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'Indians in America don't fight for their community'

Sheela Bhatt and George Joseph | July 08, 2008

"Those were difficult times, but I am a tough guy," says Rajnikant Parikh. "I used to read the Quran, Bible and Hanuman [Images] Chalisa in prison. After living in jail for eight months, any chicken-hearted person would break � but I knew I was not wrong, so I have survived."

While America celebrated Independence Day, Parikh is living in a little village in Gujarat, attempting to recover from the scars of his months in an American prison, and musing on the events of July 4, two years ago.

It all began when someone illegally set off fireworks at the Hilltop apartment complex in New Jersey. Police investigated, but could not find the person responsible. Officer Michael Dotro began issuing parking violation tickets to cars parked on nearby lanes. As he wrote out a violation, Parikh noticed that the car in question was legally parked, and questioned Dotro's act.

Parikh claims the officer attacked him without provocation, while Dotro claimed that Parikh hit him, and incited others to join in the attack.

"They [Dotro, and other police officers he summoned] were beating me in front of my wife. I'm not sure how many, as my face was down, and I was dizzy," Parikh recalled. Parikh's wife Julie is a medical student and an American citizen.

Police arrested and charged Parikh, a cashier in a liquor store, with aggravated assault on a police officer, resisting arrest, rioting and failure to disperse. He was released after posting 10 percent of the $50,000 bond.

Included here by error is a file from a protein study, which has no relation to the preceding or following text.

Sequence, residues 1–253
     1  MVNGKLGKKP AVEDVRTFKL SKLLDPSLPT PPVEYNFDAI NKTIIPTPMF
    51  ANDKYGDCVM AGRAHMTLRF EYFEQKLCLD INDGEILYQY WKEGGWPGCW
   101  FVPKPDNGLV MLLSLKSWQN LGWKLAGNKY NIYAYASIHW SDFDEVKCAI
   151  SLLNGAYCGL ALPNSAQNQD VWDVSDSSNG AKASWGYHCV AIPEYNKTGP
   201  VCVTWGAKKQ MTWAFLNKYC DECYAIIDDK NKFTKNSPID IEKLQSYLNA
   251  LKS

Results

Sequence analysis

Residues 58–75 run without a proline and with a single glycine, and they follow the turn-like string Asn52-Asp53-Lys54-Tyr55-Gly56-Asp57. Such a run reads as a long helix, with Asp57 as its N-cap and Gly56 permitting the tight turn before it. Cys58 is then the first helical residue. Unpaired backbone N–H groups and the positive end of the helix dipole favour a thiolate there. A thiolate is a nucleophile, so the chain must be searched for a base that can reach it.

Peter Kothari, president of the Indo American Cultural Society in Iselin, and other activists organised a protest during which white American women in the area allegedly abused the Indians, calling them 'cockroaches'.

Immigration authorities arrested Parikh during the protest rally, claiming that his fingerprints matched those of one Amit Sheth, who had entered the US illegally via Mexico some ten years ago. Parikh was kept in jail for nearly 9 months, before being deported. Immigration authorities also gave a 24-page charge sheet against Parikh to the Indian police in New Delhi, who arrested him on arrival.

Two years down the line, Parikh still sizzles with the sense of injustice meted out to him. "In my place, if any Spanish or black had been tortured by Michael Dotro, he would have been suspended long back. Indians in America are ever ready to pose for photographs with people in power but they will not stand up and fight against them even if injustice is done to us," he said.

When contacted him as part of a larger story on immigration and deportations, Parikh said that was not the point at this time. "You should understand the main issue," he argued. "The story of illegal immigrants is not the issue here. The focus should not be on my life, or how am I managing or mismanaging it. The issue is that we should not forget that even the illegal immigrants enjoy human rights. We should know that a guy who is an illegal migrant has the full right to fight his case in a court of law."

He is angry at how the US justice system handled his case. "How can a police officer hit me so badly without my being at fault? If he had a problem with my immigrant status, he could have dragged me to court. Why hit me so ruthlessly, just because I am an Indian? How can he be allowed to go scot-free with his racist act?"

Parikh says he is not trying to deflect attention from his own past. "Yes, I entered the US via Mexico in 1994. But the second time, I came to the US with a proper visa," he argues. "Why was I kept in jail for a full eight months without trial? Why was I discriminated against? Officer Dotro connived with his brother Sam Dotro in the immigration department to keep me in jail."

Parikh, who was held in Middlesex and Hudson county jails, says that on occasion, he was held in solitary confinement for up to 18 hours at a time, and only allowed out for 15 minutes for a bath.

"That is your story, the story of violation of human rights of immigrant Indians," he says, on the eve of the second anniversary of his tryst with personal tragedy. "How can anybody get away even after abusing Indians as cockroaches?"

Image: Rajnikant Parikh (left) and Pradip 'Peter' Kothari

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